Job seeking is tough for most people. The applications, the interviews, the emails, the phone calls, the references…. and the rejection. In the line of work I do, I reject a candidates on a regular basis. It’s a recruitment funnel – there will always be more applications than there will be jobs to offer (oh, how I wish it was different some days). Check out the usual recruitment funnel below.
We all suffer rejection at some time – the role might be too senior (or too junior), you might have flunked the interview or you might just not be quite right for the role. Rejection is a tough pill to swallow – particularly if you really want a certain position or to work for a specific company. Rejection can affect us all differently and people take rejection from me as a recruiter well, and not so well. They can either take it incredibly personally, bounce back really well or somewhere in the middle.
Unlike in England recently, where a woman staged a sit in for 90 minutes at an employer who rejected her application (and had to be removed by the Police), there are much more tactful ways to handle rejection! I’d encourage you to:
- Remain professional and polite.
It’s a small world out there, and a lot of people in industries are connected (especially in recruitment!). Remember what Mum taught you about treating others how you want to be treated? This is still the case when dealing with rejection from a job application. If you are rude upon rejection – do you think you might be the first person they call if they get a similar or better suited to you vacancy? No. You just cement the reason for rejection.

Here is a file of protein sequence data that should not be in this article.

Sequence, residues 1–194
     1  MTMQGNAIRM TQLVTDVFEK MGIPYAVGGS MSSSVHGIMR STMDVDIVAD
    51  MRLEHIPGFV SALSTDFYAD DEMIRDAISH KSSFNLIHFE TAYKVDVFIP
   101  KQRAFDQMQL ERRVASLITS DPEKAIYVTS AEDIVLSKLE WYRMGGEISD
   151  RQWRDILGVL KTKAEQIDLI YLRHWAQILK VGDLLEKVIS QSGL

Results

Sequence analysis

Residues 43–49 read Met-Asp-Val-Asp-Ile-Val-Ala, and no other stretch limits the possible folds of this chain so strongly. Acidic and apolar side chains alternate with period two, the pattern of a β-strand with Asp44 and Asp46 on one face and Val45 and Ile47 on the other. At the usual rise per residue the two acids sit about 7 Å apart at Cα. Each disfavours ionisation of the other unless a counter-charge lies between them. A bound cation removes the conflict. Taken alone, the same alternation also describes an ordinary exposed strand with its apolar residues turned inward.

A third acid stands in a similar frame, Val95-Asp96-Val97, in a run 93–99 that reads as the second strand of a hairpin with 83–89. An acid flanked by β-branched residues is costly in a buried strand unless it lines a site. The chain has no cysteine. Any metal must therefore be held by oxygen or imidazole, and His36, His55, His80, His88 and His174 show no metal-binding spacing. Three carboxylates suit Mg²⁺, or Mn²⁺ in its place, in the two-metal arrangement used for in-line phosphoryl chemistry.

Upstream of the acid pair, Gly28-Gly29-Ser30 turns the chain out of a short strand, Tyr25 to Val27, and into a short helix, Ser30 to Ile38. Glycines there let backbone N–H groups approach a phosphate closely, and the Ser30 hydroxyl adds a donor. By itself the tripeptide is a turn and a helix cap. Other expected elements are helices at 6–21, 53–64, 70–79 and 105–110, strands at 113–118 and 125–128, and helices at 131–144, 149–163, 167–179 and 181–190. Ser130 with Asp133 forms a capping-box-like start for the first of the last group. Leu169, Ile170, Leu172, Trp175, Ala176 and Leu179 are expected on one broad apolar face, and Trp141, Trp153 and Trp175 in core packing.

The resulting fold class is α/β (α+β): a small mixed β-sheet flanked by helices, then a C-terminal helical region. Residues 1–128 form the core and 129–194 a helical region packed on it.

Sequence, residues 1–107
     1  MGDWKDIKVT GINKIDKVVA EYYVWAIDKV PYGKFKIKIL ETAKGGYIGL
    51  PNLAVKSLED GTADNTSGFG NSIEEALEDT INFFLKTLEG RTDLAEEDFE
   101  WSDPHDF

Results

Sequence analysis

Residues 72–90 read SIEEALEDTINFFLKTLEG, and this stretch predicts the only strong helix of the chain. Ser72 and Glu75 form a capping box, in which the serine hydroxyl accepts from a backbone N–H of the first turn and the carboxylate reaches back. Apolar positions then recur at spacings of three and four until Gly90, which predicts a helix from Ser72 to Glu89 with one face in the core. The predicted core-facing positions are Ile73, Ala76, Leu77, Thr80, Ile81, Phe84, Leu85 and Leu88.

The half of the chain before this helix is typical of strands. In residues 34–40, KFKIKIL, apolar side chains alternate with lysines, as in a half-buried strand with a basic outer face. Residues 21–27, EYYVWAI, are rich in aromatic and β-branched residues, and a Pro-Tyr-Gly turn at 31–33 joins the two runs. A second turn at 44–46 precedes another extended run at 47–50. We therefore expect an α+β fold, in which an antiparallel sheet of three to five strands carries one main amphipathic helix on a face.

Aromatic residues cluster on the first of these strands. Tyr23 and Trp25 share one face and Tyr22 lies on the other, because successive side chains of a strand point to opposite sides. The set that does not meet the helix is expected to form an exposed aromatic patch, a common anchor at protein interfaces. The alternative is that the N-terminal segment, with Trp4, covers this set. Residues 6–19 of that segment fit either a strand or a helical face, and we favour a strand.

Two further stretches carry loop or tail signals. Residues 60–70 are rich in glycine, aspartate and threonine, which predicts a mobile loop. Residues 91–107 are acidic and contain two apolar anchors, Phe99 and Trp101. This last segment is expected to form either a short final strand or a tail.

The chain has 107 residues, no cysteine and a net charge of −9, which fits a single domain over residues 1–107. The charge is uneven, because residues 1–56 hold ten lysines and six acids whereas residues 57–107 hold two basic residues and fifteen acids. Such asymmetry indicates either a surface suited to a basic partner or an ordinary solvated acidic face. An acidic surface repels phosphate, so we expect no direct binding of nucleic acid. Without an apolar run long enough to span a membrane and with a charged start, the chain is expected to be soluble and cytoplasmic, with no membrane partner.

- Don’t take it personally.
It’s not always all about you. As a job seeker you usually have no idea who you are up against in the running, if there is an internal candidate, any specific quirks or requirements with the role etc. There may have just been a better suited candidate.
- Ask for feedback.
If you have been unsuccessful, it’s OK to ask for feedback. I would even encourage you to do so – it’s only going to give you insight as to where you could improve and it might help you on your job hunt for future roles. I give all unsuccessful candidates I decline feedback – it’s part of running good recruitment practice!
- Keep in contact.
If you are unsuccessful, and the company is one you still want to work for, then sign up to their job alerts from their careers page, add the hiring managers you met with on LinkedIn, follow their company pages on social media and engage with them ongoing. I’d also encourage you to send a thank you note to your interviewers (if you had a face to face meeting). You never know what role might be coming up in their business that you could be perfect for – so keep the lines of communication open!
Overall, I would encourage you to not be discouraged by rejection, it’s a part of job seeking. It’s just not possible to get every job we apply for (although it would be nice wouldn’t it?)!